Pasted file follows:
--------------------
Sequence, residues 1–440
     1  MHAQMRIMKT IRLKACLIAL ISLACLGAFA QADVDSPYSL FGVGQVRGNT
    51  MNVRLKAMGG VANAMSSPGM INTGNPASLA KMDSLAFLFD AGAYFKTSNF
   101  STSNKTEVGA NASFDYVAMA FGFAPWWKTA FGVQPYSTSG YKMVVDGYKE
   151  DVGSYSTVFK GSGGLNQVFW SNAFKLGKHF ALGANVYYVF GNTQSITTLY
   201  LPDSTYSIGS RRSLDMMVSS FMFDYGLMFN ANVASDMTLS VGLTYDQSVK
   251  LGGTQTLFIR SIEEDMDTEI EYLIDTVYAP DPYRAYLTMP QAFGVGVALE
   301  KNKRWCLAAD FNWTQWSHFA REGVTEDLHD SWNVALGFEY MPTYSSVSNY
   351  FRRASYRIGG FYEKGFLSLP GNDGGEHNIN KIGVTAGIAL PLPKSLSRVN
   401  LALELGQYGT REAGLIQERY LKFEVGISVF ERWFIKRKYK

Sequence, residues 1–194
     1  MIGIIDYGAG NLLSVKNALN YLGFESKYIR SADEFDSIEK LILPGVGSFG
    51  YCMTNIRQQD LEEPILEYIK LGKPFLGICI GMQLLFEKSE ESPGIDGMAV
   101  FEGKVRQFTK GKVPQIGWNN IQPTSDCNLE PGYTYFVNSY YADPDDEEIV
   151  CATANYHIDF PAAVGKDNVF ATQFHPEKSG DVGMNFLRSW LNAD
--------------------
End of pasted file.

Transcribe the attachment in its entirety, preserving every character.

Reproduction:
Sequence, residues 1–440
     1  MHAQMRIMKT IRLKACLIAL ISLACLGAFA QADVDSPYSL FGVGQVRGNT
    51  MNVRLKAMGG VANAMSSPGM INTGNPASLA KMDSLAFLFD AGAYFKTSNF
   101  STSNKTEVGA NASFDYVAMA FGFAPWWKTA FGVQPYSTSG YKMVVDGYKE
   151  DVGSYSTVFK GSGGLNQVFW SNAFKLGKHF ALGANVYYVF GNTQSITTLY
   201  LPDSTYSIGS RRSLDMMVSS FMFDYGLMFN ANVASDMTLS VGLTYDQSVK
   251  LGGTQTLFIR SIEEDMDTEI EYLIDTVYAP DPYRAYLTMP QAFGVGVALE
   301  KNKRWCLAAD FNWTQWSHFA REGVTEDLHD SWNVALGFEY MPTYSSVSNY
   351  FRRASYRIGG FYEKGFLSLP GNDGGEHNIN KIGVTAGIAL PLPKSLSRVN
   401  LALELGQYGT REAGLIQERY LKFEVGISVF ERWFIKRKYK

Sequence, residues 1–194
     1  MIGIIDYGAG NLLSVKNALN YLGFESKYIR SADEFDSIEK LILPGVGSFG
    51  YCMTNIRQQD LEEPILEYIK LGKPFLGICI GMQLLFEKSE ESPGIDGMAV
   101  FEGKVRQFTK GKVPQIGWNN IQPTSDCNLE PGYTYFVNSY YADPDDEEIV
   151  CATANYHIDF PAAVGKDNVF ATQFHPEKSG DVGMNFLRSW LNAD